Earlier this week we emailed a small group of our customers (about 1% of our total base), requiring them to reset their Poloniex password in response to a tweet claiming to contain a list of leaked email addresses and passwords. To confirm, there was no information or data leak originating from Poloniex and our actions represented a swift response to an external threat.
Our immediate priority was to ensure that our customers’ accounts were safe. As a result, we reset the passwords of potentially impacted customers, as users often reuse passwords or minor variants of the same password. Our second priority was to determine the source of the leak and we can now confirm that neither this list, nor the information contained, originated from Poloniex. For those interested in our security protocols, we do not store passwords in plain text or a recoverable form, but rather we store them as salted bcrypt hashes.
Specifically, our investigation has concluded that approximately 90% of the passwords listed already appear in the haveibeenpwned.com list of exploited passwords. Additionally, our security team is in touch with haveibeenpwned.com and has requested that they update their database to include additional missing information we have identified.
If you have a Poloniex account and did not receive an email from us related to this, you can be confident that your email address was not on the list. Less than 5% of the email addresses on the posted list were associated with Poloniex accounts.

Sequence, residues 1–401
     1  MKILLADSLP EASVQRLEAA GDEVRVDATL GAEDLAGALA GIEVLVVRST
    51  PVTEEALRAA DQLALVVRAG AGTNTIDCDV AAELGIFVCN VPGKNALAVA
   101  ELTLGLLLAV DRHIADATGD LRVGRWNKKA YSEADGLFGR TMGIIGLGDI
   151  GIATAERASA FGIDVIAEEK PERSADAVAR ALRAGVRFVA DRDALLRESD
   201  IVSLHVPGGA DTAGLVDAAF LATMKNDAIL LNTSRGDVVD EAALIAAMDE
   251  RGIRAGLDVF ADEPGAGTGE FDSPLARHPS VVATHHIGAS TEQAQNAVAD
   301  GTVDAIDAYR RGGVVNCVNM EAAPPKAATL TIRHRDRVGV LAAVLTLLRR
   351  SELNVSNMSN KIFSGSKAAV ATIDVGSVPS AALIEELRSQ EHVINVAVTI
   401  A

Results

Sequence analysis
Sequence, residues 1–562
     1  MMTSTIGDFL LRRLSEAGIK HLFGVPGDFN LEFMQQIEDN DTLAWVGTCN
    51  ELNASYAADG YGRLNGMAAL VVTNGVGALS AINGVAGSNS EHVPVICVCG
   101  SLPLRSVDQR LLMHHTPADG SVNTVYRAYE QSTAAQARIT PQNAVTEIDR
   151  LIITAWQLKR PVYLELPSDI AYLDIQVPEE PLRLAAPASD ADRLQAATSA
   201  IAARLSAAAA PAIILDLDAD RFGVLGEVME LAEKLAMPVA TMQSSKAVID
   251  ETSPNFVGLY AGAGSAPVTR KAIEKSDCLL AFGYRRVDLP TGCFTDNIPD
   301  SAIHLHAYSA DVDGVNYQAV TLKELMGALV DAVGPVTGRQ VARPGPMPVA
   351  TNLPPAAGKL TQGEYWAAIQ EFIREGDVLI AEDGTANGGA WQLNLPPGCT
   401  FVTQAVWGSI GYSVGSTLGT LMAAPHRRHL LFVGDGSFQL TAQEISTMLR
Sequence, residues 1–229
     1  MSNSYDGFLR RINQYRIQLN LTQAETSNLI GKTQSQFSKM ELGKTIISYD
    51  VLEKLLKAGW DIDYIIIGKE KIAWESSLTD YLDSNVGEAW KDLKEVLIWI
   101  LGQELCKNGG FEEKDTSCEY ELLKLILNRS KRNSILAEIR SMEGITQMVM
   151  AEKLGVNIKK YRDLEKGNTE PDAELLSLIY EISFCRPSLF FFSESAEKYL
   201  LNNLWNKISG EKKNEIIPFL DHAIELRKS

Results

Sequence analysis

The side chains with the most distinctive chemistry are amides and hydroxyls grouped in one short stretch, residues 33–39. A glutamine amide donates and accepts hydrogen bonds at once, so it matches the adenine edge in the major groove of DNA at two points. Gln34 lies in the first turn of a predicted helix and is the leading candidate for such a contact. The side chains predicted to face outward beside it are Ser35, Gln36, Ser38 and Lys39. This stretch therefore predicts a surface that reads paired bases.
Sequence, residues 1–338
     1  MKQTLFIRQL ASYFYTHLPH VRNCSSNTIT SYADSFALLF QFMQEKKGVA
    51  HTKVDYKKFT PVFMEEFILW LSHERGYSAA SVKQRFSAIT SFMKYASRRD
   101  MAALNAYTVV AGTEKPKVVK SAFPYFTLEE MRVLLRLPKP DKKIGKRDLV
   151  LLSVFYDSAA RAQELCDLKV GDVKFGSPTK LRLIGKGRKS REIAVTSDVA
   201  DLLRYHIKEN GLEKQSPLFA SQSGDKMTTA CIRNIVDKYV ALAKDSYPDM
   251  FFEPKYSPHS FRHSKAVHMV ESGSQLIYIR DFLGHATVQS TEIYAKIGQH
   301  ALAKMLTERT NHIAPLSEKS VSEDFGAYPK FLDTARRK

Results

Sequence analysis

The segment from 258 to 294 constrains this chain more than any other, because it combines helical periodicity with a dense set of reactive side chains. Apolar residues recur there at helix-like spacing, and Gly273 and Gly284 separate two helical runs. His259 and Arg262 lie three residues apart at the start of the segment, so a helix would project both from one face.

Below is the email that customers received.
Hi Poloniex Customer,
A couple of hours ago we discovered that someone leaked a list of email addresses and passwords on Twitter, claiming the information could be used to log in to Poloniex accounts. While almost all of the email addresses listed do not belong to Poloniex accounts, we are forcing a password reset on any email addresses listed that do have an account with us, including yours.
We take the security of customer information very seriously and never store passwords or other sensitive information in plain text (for the technically inclined, we store a salted bcrypt hash). Therefore, we cannot confirm if the password listed with your email address is the password you use on Poloniex. As a security precaution, we have forced a reset of your Poloniex password and recommend changing your password on any other site where you may have reused login information.
For details on how to reset your Poloniex password, please visit our Help Center article here. We recommend selecting a unique, secure password and enabling two-factor authentication (2FA) on your account if it is not currently enabled. Please find instructions on how to enable 2FA in this Help Center article.
Thank you for being a Poloniex customer and helping us to maintain the security of your account. If you have any questions, please reply to this email and we will be happy to walk you through any of these steps.